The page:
There are two drastic misconceptions out there regarding hockey in Indiana: that ‘club’ hockey is often a dead end for a player’s - or coach’s - career, and that the Hoosier State has little to offer the hockey world. And while our fair state is still a small player in the greater hockey landscape, these former IU Hoosier prove that both of the above statements are far from the truth.
For many aspiring young players with NHL dreams, playing junior hockey in the USHL is the next step to landing a spot on a collegiate roster. Yet for these Hoosiers, it means going back to the “U” to help mold those youngsters into legitimate collegiate prospects.
Brad Lutsch is one of those guys. A member of IU’s D3 club from 1995-99, Lutsch still holds the teams’ career marks for points (286), goals (101), and assists (185). Yet for all his success on the ice, Lutsch has made an even bigger impact from behind the bench. A few years after leaving Bloomington, he found himself about an hour’s drive north as the Associate Coach and Director of Player Personnel of the Indiana Ice. During his time with the Ice, the team’s record was 145-77-18, making the playoffs all four years and winning the Clark Cup Championship in 2008-09.
Lutsch’s second stint in the USHL has gone equally as well. In May 2014, he joined the Fargo Force as an Assistant Coach and Director of Player Personnel. Four years later, Lutsch hoisted the Clark Cup again for the second time in his career, as the Force won their first championship in organization history.
Former IU forward Matt Grainda isn’t in a position to win any championships, but his work is essential for the teams that do (and don’t). Grainda has spent the past three seasons with the USHL Central Scouting department. Aside from scouting players for the league, Grainda helps organize the USHL Combines in advance of the Phase I and Phase II drafts. This past May, over 400 players were selected in the drafts, and Grainda’s insight helped shape those decisions.
“I became directly involved with the league through working with a few independent scouting agencies for a few seasons,” Grainda explained. “My work caught the attention of Doug Christiansen (USHL Director of Player Development), who offered me a position with Central Scouting. As a Regional Amateur Scout, I cover the state of Michigan, the MidAm region (Indiana, Kentucky, Ohio, West Virginia, and Western Pennsylvania) and all of Ontario. My job is to evaluate the youth hockey talent in the region in preparation for invites to our USHL Combines.
Another former Hoosier hoping to aid the next generation, Weiss joined the Waterloo Black Hawks scouting department during the 2017 season. While he wasn’t involved with building the 'Hawks Anderson Cup-winning roster, his work with Waterloo GM P.K. O’Handley on the 2018 draft will help shape the roster for the foreseeable future.
“I started scouting my freshman year at Indiana in 2010,” said Weiss. “I had been working for a third party NHL Draft scouting service since 2011 but shifted gears towards youth scouting the last 3 or 4 years. I would provide second opinions on players if teams asked for them, but really wanted to find a team that was the right fit for me. Waterloo had a scouting job open back in August and fortunately there was mutual interest.”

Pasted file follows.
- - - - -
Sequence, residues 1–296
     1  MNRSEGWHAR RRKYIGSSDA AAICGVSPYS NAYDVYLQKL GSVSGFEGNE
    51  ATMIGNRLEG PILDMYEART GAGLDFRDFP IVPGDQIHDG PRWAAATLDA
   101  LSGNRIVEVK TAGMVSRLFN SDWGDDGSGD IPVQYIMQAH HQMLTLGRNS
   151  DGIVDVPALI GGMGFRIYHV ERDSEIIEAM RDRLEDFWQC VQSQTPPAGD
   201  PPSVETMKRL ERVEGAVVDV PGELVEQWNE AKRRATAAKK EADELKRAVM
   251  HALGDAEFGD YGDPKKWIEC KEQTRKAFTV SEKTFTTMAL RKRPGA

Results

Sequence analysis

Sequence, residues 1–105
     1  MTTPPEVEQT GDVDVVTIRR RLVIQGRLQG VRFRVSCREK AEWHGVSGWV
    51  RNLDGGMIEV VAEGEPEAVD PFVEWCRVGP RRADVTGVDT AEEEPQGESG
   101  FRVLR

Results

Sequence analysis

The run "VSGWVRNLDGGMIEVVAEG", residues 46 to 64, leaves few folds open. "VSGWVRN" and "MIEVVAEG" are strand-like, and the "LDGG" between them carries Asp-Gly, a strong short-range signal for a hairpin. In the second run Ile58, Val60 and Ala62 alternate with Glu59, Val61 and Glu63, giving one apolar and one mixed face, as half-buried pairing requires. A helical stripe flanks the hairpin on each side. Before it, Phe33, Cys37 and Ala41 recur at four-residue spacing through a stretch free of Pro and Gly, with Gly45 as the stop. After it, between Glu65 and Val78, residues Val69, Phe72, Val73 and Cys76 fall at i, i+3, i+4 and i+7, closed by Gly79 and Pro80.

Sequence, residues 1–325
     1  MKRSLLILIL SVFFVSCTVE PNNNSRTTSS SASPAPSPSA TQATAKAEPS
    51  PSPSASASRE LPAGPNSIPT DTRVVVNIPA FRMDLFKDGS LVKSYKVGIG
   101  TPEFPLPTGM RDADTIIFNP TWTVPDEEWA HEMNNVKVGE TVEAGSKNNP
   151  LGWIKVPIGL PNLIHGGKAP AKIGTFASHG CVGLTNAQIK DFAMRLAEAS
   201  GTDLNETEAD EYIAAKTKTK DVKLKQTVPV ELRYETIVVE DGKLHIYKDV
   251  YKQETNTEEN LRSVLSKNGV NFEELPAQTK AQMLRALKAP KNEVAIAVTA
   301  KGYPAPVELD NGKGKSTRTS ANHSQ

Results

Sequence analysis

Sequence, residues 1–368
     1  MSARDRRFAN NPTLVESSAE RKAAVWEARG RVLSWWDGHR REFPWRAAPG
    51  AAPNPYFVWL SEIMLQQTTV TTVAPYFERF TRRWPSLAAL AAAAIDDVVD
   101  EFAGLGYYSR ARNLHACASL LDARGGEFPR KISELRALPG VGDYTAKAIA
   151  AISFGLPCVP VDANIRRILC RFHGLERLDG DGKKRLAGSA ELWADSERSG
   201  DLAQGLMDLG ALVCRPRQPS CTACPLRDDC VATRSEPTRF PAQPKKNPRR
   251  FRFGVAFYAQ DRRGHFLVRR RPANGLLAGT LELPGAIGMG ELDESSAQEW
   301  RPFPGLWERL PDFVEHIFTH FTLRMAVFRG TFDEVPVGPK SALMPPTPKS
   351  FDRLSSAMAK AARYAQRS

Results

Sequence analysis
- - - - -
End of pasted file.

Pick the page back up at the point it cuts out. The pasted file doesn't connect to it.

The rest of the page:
Having been involved in scouting for the past several years, Weiss was well aware of the volume of work involved before a player ever gets drafted. “My role this year was to get viewings on birth year players from 1998-2003 in preparation for the USHL drafts, compile draft rankings tailored to the philosophy of the coaching staff, and conduct pre-draft interviews with eligible players. I also help put together our main camp as there are always players that don't get selected in either draft that can help a the team.”
But it isn’t just former Hoosier players making an impact in the USHL. An assistant coach for Indiana’s D2 team from 2015-17, Jon Sherman was added to the Waterloo Black Hawks staff as hockey operations assistant this past season, contributing to the organization’s video analysis, statistics tracking, and player development efforts. Following an 8-5 regulation loss to the Lincoln Stars, Waterloo ran off a 16-game point streak to end the season as Anderson Cup (Regular Season) Champions. Ironically, it would be Lutsch’s Force that would bump Sherman’s Black Hawks from the playoffs in the semifinal round on their way to the Clark Cup title.
As part of our mission to grow and promote the game of hockey in Indiana, we at INHockey.net have spent a considerable amount of time and effort in exposing the vast number of opportunities available to young players to continue their hockey careers. While no player ever wants to hang up the skates, these guys know that true passion for the game extends well beyond the dasher boards.
“Something that often gets overlooked is the passion that (club) players and coaches have for the game,” Weiss states. The fact that these are club teams doesn’t mean there aren’t opportunities for anyone willing to make the commitment. “From the four of us who work in the USHL, to Alex Kyrias (played goalie for IU from 1992-97) who works in the NAHL as a Director, to Jory Zola who works as an advisor for junior hockey players, and Cody Reiff (2012-16 IU DIII hockey player) who worked in the Florida Panthers analytics department, our guys have all worked hard to be involved in the game at the highest levels.”
Hockey dreams can take many different forms. For those who truly love the game, a host of opportunities are out there - regardless of what level you come from.